Nationwide Debate on Marijuana Comes to NDSU

BENJAMIN NORMAN | THE SPECTRUM Bob Stutman (left) and Steve Hager (right) debate marijuana Tuesday night in Festival Concert Hall.
BENJAMIN NORMAN | THE SPECTRUM
Bob Stutman (left) and Steve Hager (right) debate marijuana Tuesday night in Festival Concert Hall.

Steve Hager and Bob Stutman filled Festival Concert Hall with around 150 people Tuesday night.

The duo has been travelling around the country, campus to campus, talking about marijuana.

Steve Hager, former editor-in-chief of “High Times Magazine,” is one of the leaders of the pro-legalization front. His fellow debater, retired DEA Agent Bob Stutman, is one of the most outspoken opposer on the issue.

Hager cited the many uses of hemp products and the renewable nature of the source as a reasons for legalization. He also mentioned that the first American Flag was made out of hemp.

He went on to talk about how many families who have children with epilepsy have been moving to Colorado saying, “Marijuana is the safest therapeutic drug.”

Hager, a Woodstock alumnus, also mentioned that consuming marijuana is a part of the counter-culture with which he identifies.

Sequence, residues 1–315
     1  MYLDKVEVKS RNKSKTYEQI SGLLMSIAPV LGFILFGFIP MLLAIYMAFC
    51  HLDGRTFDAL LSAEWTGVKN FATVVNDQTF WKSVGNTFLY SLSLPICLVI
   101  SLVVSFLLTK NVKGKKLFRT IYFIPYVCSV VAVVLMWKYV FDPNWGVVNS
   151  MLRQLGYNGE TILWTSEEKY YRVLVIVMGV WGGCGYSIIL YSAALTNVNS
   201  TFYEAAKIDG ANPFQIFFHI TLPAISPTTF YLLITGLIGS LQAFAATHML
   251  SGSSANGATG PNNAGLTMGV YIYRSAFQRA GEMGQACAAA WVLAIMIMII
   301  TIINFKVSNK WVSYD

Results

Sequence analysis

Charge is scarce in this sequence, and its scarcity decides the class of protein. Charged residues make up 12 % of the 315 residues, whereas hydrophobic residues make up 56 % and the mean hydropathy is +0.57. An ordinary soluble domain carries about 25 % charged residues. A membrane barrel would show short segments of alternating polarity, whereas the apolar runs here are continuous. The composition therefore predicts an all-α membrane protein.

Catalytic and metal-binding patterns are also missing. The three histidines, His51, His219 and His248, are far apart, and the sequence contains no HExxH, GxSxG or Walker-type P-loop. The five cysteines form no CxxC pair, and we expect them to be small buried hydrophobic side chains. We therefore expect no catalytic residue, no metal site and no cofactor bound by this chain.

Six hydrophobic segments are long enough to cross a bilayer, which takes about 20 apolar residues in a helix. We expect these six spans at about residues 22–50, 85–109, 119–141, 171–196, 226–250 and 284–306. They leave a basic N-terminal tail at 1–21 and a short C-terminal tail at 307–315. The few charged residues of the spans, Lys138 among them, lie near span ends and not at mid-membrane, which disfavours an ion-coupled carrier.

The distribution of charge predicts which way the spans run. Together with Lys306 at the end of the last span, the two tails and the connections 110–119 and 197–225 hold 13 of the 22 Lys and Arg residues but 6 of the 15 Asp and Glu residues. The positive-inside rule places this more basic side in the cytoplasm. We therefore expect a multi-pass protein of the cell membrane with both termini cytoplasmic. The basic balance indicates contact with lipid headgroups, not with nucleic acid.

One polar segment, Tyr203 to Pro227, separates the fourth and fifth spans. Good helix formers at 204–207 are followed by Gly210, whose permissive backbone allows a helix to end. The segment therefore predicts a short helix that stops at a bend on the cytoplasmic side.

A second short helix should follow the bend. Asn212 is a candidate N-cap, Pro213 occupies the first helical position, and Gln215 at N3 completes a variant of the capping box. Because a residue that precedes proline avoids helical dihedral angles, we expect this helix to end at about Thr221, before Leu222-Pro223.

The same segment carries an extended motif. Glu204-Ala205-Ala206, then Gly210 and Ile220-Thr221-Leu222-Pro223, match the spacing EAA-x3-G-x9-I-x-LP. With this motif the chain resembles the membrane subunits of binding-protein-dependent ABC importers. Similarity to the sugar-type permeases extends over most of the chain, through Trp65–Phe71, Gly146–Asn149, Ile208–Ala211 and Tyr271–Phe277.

“We are good people… its a part of our religion,” he said.

Stutman presented his side with studies from Harvard, Northwestern and Federal research studies. Noting multiple times that, “Marijuana is winning the politics, but losing the science.”

“Most people want it (marijuana) legal because it is their intoxicant of choice,” Stutman said.

He also went on to say that the level of younger users, ages 12 to 18, in Colorado have increased.

“When a person starts using cannabis under the age of 18, they are more likely to become addicted.” Stuman said. “… You know who those people are.”

Hager cited that many laws in America are continually filling prisons.

“When I was growing up, there were 200,000 people in all jails and prisons, today there are over 2 million.” Hager said. “… Marijuana is not killing people, the laws are.”

Stutman and Hager both agreed drug use should be considered a public health issue. They also agreed the prison population is too large.

“A stupid policy is throwing people in jail for using drugs… it needs to be treated as a public health problem,” Stutman said.

They also agreed that children should not consume cannabis.

This event was brought to NDSU by Campus Attractions Issues & Ideas committee.

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